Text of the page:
Why questions don't get answered, or "No, I've already RTFM, tell me the answer!"

Mike McCarty mike.mccarty at sbcglobal.net
Fri Dec 30 16:18:47 UTC 2005

Charles Howse wrote:
>>On Thursday 29 December 2005 22:36, Les Mikesell wrote:
>>>On Thu, 2005-12-29 at 21:07, Gene Heskett wrote:


>>The help I have received on one list or another has often been far
>>more clearly and concisely stated than the manpages for bash that I
>>have printed out and bound, and read from end to end probably 30 times
>>I rest my case.
> I feel your pain, my friend.
> I've been scripting bash for quite a while.
> Maybe I can contribute something to this thread, here's my list of bookmarks
> for bash scripting:
> http://www.opengroup.org/onlinepubs/009695399/toc.htm
> http://cfaj.freeshell.org/shell/
> http://www.shelldorado.com/
> http://home.comcast.net/~j.p.h/cus-faq.html
> http://sed.sourceforge.net/sed1line.txt
> http://www.student.northpark.edu/pemente/sed/sedfaq.html
> http://www.faqs.org/faqs/unix-faq/faq/part1/
> http://www.shelldorado.com/goodcoding/cmdargs.html
> http://www.macobserver.com/tips/macosxcl101/
> http://www.wagoneers.com/UNIX/FIND/find-usage.html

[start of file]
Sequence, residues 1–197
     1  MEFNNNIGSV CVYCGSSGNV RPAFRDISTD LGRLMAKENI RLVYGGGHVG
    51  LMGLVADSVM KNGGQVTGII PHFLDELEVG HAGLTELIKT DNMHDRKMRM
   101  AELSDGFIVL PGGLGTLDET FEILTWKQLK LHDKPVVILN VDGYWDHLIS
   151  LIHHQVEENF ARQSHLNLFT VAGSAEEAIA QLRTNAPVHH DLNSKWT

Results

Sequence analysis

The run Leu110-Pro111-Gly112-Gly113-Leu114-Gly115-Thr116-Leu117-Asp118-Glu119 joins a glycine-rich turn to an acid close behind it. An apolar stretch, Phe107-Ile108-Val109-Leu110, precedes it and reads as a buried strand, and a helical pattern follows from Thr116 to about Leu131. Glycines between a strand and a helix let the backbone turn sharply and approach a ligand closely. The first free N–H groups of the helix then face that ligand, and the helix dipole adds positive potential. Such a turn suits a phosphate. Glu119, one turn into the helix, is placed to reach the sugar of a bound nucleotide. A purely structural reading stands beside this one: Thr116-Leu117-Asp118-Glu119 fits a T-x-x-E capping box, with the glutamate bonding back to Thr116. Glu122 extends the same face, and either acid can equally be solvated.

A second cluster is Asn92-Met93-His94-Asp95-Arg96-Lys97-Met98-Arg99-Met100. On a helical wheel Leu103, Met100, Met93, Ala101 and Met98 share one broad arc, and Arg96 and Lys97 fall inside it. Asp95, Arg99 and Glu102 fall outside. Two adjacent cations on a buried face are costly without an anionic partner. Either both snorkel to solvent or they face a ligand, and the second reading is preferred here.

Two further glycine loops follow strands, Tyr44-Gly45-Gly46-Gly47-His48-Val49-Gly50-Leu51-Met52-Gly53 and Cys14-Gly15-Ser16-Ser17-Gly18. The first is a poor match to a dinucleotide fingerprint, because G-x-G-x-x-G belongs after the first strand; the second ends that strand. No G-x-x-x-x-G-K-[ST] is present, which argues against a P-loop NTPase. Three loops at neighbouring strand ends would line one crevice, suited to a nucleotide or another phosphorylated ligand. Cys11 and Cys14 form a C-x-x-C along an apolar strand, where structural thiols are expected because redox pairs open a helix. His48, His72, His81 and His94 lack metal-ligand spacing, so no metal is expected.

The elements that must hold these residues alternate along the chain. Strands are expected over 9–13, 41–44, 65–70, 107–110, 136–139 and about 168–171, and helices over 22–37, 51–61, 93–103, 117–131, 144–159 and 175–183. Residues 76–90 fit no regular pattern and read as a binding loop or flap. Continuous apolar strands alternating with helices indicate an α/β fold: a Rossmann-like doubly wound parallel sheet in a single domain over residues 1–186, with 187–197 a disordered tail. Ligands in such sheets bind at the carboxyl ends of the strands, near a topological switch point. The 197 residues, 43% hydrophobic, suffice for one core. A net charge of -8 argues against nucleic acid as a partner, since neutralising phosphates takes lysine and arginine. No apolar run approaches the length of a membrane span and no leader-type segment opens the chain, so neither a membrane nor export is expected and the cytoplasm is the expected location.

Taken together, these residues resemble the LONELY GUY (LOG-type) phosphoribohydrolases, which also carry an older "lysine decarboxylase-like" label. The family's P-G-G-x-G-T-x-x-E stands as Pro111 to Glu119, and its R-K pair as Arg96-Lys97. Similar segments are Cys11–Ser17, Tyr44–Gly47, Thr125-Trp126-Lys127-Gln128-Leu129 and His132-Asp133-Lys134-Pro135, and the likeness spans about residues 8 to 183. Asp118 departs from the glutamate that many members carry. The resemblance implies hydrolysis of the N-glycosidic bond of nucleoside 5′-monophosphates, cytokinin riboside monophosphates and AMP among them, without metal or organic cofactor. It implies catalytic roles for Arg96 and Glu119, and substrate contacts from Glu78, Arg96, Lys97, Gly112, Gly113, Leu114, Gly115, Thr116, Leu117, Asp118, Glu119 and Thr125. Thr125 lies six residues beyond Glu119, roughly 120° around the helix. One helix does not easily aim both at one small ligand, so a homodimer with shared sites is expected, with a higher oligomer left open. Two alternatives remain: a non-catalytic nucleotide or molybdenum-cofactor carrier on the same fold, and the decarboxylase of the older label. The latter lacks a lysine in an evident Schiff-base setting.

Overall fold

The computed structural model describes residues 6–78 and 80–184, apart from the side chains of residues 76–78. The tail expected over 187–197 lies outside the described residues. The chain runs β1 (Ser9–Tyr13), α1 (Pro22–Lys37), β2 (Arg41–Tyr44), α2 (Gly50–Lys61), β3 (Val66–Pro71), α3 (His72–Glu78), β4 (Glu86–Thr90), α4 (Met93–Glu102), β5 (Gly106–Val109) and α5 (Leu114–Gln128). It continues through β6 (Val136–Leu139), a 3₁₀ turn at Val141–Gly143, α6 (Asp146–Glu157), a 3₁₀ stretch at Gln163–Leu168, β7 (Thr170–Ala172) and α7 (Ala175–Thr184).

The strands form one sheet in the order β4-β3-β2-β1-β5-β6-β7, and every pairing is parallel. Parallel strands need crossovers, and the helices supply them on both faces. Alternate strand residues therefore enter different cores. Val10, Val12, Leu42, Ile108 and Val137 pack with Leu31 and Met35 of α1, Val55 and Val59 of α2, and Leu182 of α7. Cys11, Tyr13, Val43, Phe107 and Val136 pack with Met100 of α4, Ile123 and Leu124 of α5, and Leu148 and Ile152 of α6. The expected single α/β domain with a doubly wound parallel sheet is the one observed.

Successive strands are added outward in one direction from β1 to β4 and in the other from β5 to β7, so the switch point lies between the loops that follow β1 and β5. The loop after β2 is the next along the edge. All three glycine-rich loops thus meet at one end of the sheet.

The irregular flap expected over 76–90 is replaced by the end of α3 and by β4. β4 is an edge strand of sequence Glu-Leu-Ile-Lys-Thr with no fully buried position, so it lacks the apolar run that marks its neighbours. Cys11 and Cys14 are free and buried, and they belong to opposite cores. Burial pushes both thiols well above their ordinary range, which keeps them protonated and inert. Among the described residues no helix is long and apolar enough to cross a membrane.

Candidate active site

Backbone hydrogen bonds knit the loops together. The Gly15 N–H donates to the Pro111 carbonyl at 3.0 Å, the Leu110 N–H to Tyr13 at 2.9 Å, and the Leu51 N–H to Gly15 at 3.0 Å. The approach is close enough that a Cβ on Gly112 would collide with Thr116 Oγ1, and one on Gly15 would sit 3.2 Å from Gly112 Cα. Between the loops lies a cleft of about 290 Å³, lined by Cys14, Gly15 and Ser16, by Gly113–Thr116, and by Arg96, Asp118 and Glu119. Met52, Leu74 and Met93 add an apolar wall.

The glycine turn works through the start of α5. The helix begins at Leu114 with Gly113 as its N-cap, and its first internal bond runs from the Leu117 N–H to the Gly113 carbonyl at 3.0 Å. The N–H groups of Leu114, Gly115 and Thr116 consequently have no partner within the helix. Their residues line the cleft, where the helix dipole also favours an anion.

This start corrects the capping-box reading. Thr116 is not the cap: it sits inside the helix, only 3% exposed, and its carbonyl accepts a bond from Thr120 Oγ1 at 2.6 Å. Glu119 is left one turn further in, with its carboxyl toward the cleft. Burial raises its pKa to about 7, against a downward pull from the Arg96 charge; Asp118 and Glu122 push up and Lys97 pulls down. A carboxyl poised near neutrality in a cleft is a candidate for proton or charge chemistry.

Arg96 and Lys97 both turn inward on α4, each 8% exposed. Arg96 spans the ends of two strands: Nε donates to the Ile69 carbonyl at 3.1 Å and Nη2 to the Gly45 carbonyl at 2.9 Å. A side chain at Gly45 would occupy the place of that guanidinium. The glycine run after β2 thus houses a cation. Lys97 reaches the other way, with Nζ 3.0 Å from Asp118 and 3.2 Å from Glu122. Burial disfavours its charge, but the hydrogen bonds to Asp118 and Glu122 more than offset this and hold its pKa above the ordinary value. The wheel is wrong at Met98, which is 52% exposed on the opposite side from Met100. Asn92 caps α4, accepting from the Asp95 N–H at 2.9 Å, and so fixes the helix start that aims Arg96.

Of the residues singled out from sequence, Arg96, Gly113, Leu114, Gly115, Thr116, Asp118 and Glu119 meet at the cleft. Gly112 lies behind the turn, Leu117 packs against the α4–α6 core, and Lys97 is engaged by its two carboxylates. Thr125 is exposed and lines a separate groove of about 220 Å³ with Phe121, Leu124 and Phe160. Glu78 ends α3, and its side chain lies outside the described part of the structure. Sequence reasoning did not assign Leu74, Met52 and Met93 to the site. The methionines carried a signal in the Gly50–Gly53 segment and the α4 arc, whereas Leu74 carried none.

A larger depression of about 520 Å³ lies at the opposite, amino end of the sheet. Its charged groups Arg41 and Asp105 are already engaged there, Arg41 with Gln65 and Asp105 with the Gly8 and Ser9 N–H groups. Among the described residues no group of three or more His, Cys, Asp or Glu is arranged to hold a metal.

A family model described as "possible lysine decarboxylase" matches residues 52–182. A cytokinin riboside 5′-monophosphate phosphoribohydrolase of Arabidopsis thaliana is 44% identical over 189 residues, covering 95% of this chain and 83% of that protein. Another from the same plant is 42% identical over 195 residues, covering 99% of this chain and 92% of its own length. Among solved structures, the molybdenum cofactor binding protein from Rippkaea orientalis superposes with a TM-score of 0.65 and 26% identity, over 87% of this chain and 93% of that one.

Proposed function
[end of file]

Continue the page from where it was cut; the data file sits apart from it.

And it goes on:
> http://cnswww.cns.cwru.edu/~chet/bash/bashref.html
> http://www.tldp.org/LDP/abs/html/ 

Which is why, my friends, when I need a quickie one-off I
*never* write a script. My longest scripts are no more than
20 lines or so. As soon as I need an "if" I switch to C
and write in a language which is documented, understandable, and
portable between systems.

When I left the IBM mainframe world in 1981 I left JCL behind,
and have never looked back. Writing long involved scripts is
a throw-back to the Jurassic age. Join the 21st Century and
abandon shell scripts.

Just my $0.02 worth.

This message made from 100% recycled bits.
You have found the bank of Larn.
I can explain it for you, but I can't understand it for you.
I speak only for myself, and I am unanimous in that!

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